Recall that yield curves (also known as the term structure of interest rates) plot debt maturities (the independent variable) against interest rates (the dependent variable). Debt maturities indicate the length of the borrowing period for a debt instrument. We spoke last time on how a yield curve is shaped; today we’ll look at a few theories that attempt to explain yield curve behavior.
Pure Expectations Theory (PET)
In this theory, it is assumed that any maturity of debt can substitute for any other through the miracle of compounding. For instance, if you have a view as to what the one-year interest rate will be one year from now (the forward rate), then you can determine the current two-year interest rate as the compounded sum of the current one-year rate and the one-year forward.
This generalizes to the geometric mean of short-term yields as the determinant of long-term yields. A geometric mean differs from an average in the it is calculated by taking the nth root of the product of n terms. For example, if you have two terms, say 4 and 16, the average is of course 10, but the geometric mean is the 2nd root – the square root – of their product (64), or 8.
The Pure Expectations Theory accounts for the fact that yields tend to change together over time, but doesn’t explain the fine details of the shape of the yield curve. It posits that forward rates are perfect predictors of future rates, which they are not. It thus ignores interest rate risk and also reinvestment risk. The latter is the risk that one cannot reinvest interest payments at an expected rate. The theory also assumes that the ability to arbitrage among different maturity bonds is minimal.
Liquidity Preference Theory (LPT)
This is a variant of the Pure Expectations Theory. It basically adds a premium to the PET-calculated yield for long-term debt to account for investor preference for short-term bonds over long-term ones. This premium is called the term premium or the liquidity premium. It acknowledges the risks involved in holding long-term debt, which is more likely to experience catastrophic events and price uncertainty than is short-term debt. A second premium is also included in LPT, for default risk, which is more likely when holding a bond for a long period of time, once again due to uncertainty.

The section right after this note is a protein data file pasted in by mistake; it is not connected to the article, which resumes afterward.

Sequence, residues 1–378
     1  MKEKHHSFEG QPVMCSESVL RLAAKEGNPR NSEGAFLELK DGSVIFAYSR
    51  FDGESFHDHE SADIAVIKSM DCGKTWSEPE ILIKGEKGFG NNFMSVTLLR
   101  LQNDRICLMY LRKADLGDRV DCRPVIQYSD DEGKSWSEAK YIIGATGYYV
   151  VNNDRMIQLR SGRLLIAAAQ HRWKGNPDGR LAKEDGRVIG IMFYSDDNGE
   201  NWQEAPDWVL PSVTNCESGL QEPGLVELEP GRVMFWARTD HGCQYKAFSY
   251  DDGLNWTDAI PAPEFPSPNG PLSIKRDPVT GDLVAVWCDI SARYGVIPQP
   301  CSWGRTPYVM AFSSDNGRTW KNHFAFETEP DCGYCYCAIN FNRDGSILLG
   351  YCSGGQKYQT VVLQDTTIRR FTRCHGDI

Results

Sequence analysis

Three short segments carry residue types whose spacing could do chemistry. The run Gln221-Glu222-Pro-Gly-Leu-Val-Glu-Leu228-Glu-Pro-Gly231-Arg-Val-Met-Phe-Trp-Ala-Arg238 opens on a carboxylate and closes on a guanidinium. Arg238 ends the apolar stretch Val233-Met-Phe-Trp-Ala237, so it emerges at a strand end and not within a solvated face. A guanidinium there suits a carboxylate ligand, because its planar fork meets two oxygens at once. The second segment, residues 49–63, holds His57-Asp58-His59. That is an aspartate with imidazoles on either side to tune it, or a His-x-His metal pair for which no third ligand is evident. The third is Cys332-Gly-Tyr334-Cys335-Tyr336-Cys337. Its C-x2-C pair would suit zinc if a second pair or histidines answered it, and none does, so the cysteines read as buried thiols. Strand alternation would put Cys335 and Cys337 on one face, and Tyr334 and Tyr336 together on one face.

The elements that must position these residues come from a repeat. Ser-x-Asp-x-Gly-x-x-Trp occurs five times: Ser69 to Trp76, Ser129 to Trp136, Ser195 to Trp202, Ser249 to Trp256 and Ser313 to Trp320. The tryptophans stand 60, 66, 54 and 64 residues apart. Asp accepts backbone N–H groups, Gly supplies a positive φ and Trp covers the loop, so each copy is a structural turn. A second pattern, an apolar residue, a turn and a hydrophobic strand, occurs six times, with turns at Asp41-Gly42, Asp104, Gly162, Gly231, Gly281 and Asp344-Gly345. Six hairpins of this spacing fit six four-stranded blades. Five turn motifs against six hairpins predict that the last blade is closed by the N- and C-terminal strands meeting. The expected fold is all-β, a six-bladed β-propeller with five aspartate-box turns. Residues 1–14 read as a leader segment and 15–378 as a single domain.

Market Segmentation Theory (MST)
This theory acknowledges that different maturities of debt cannot be substituted for each other. This results in separate demand-supply relationships for short-term and long-term debt. Since investors (assumed to be risk-adverse) prefer the less risky short-term maturities, the demand for short-term debt is higher than that for long-term debt, and thus prices of the former are higher, driving down their yields. This helps to explain the normal shape of the yield curve, but not the fact that long and short term rates tend to change in unison, since they are supposed to be two separate and independent markets.
Preferred Habitat Theory (PHT)
Preferred Habitat Theory is an extension of MST which posits maturity preferences, or habitats, for debt investors: some investors like 3-year bonds, some prefer 6-year maturities, etc. If you want to sell an investor a bond outside the investor’s preferred investment horizon, you must offer the investor a premium. Since it is assumed that more investors have short-term habitats, it explains the higher yields on long-term debt, and is consistent with the tendency of short- and long-term debt yield curve segments to retain their shape when overall yields change.
Now that we have a good understanding of yields and the yield curve, we can resume our review of hedge fund strategies. Next time: fixed-income arbitrage.